A victim of thieves?

Keen was reputed to be a fairly wealthy man. He had made a success of his business ventures in Newfoundland and owned extensive property and land along the St. John's waterfront, at Bonavista and Greenspond. Rumors had it that he kept his money hidden under his bed. On Sept. 9, 1754, Keen was attacked, ostensibly for his money stash; he was severely injured; the weapons used included a scythe and a musket. He died on Sept. 29 from his wounds. Nine people (three soldiers, five fishermen and a woman) were charged with the crime; four were hanged, ironically from gallows erected on the end of Keen's wharf; the other five were reprieved but banished from Newfoundland. Keen's property devolved to his son, William, who moved to England the following year.

Records are scarce

Very little of William Keen's papers and business records are known to have survived, except for official correspondence to the British government included in the records of the Council for Trade and Plantations, which was responsible for the administration of Newfoundland from 1672 to 1782. There may also be correspondence and reports written by Keen in other British government records and in the private papers of British officials. A small amount of original material remains in Newfoundland, in particular the report Keen wrote of his imprisonment by the French during the winter of 1708-1709.

This document, together with accompanying documentation, was acquired by the Centre for Newfoundland Studies from an auction of personal property of Richard Crewe in November 1996. Crewe had inherited these papers from his father, Nimshi C. Crewe, who had purchased them from British rare book dealer Francis Edwards Ltd. for six pounds in 1949.

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Excerpts from the opening paragraph of Keen's report,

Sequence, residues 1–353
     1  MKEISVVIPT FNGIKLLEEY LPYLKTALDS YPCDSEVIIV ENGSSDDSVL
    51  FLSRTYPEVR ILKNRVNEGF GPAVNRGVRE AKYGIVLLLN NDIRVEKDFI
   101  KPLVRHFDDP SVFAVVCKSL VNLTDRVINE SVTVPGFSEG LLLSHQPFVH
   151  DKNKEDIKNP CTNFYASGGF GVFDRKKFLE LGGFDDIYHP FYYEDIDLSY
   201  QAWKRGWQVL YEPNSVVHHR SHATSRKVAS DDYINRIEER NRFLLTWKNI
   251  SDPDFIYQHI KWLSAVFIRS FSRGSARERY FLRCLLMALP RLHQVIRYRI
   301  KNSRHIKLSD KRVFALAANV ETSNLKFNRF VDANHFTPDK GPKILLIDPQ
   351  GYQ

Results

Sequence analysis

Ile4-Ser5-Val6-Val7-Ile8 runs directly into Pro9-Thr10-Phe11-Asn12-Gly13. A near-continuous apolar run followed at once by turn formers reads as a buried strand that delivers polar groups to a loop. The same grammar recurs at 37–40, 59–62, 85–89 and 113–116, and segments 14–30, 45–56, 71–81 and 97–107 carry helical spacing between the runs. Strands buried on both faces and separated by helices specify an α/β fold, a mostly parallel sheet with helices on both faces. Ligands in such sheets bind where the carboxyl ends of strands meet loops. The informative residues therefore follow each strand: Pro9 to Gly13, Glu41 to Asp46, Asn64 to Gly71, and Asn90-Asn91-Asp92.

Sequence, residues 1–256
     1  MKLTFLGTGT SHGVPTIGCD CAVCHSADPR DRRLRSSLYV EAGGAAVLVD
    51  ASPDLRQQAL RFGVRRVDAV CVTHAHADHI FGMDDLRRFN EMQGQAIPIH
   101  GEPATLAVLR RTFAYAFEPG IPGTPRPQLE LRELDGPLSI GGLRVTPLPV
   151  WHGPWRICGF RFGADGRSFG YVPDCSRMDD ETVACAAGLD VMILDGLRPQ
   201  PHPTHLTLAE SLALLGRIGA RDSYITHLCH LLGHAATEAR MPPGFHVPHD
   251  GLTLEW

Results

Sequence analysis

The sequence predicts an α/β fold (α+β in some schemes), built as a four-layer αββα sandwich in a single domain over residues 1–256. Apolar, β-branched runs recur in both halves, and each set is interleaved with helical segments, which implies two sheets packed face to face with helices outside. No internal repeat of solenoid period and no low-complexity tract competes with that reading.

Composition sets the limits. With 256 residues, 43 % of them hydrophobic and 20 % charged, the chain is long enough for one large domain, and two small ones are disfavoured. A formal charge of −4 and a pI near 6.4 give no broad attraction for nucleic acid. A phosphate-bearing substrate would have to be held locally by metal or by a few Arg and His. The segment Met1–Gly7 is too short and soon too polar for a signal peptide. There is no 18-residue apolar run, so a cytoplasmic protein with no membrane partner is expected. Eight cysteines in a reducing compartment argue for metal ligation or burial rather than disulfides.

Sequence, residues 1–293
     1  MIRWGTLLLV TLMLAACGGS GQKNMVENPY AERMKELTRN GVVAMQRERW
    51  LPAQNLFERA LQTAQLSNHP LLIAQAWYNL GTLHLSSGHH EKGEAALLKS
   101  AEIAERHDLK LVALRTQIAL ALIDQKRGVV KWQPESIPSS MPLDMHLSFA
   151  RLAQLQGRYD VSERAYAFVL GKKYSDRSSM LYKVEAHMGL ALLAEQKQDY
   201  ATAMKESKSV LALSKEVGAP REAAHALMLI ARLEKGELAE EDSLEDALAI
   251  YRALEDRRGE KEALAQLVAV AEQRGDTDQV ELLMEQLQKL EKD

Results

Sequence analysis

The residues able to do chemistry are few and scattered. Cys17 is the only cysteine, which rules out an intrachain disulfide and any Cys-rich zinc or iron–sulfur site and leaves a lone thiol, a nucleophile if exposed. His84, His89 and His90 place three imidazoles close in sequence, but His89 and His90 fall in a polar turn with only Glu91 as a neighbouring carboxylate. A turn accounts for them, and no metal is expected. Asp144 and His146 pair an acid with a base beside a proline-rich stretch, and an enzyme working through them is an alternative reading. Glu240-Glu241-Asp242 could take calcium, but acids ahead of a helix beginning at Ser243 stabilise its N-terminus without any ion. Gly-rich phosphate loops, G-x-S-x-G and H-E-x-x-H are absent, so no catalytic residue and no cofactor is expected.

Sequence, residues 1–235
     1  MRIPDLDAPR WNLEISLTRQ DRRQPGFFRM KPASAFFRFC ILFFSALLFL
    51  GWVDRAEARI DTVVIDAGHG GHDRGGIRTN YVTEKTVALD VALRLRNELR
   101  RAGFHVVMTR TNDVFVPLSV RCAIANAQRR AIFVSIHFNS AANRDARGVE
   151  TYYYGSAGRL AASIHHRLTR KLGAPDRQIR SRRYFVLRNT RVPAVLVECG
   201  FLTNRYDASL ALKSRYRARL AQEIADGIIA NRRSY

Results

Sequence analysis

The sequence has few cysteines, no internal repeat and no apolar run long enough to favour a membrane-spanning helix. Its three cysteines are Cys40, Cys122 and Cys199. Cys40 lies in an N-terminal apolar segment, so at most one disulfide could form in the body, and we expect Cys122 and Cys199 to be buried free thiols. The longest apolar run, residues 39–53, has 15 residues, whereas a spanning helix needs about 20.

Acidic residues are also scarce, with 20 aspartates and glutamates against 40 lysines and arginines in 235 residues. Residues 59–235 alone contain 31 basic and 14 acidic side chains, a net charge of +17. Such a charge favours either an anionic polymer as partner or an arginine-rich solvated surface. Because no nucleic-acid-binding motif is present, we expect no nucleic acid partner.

dated July 5, 1709.

December 21 1708. about 4 this morning we were alarmed by the firing of several musquets, & were within half an hours time reprized to heare the Fort was taken, without making resistance, some small time after the Fort surrender'd the Castle took the Alarm, & fired two Cannon. All the Inhabitants of that side being about sixty men were retired to the Castle. About 7 this morning, two French Officers came to assure the Inhabitants of good quarters, and took with them the most Master Inhabitants and Merchants into the Fort, where I saw Major Loyd very heavy ey'd, & little notice taken of him. ...about 5 in the Evening the Inhabitants & servants were imprison'd in store houses excepting some few that were left in their own houses. A fire happen'd and burnt two streets of houses, Mr. Russell was Committed to the Guard in the Guard House, Mr. Wm. Keen was confin'd with a Guard in his own house, Capt. Larrond Dennis was sent to have the Castle Surrender, which was at first refused, the next day December 22'd the People gave up the Castle with their Cannon charg'd, ...the 24th St. Ovide du Brouillian Comissr of the French forces sent four hund'rd seventy seven men prisoners to the Church and the House of Mr. Collins allowing them for their Subsistance, one pound of bread, four ounces of pork & four ounces of pease p'r diem, the Prisoners were set in Ranks & counted by the Indians, who threatened if they found any to absent themselves, they would kill as many more in their roome...

November, 2000.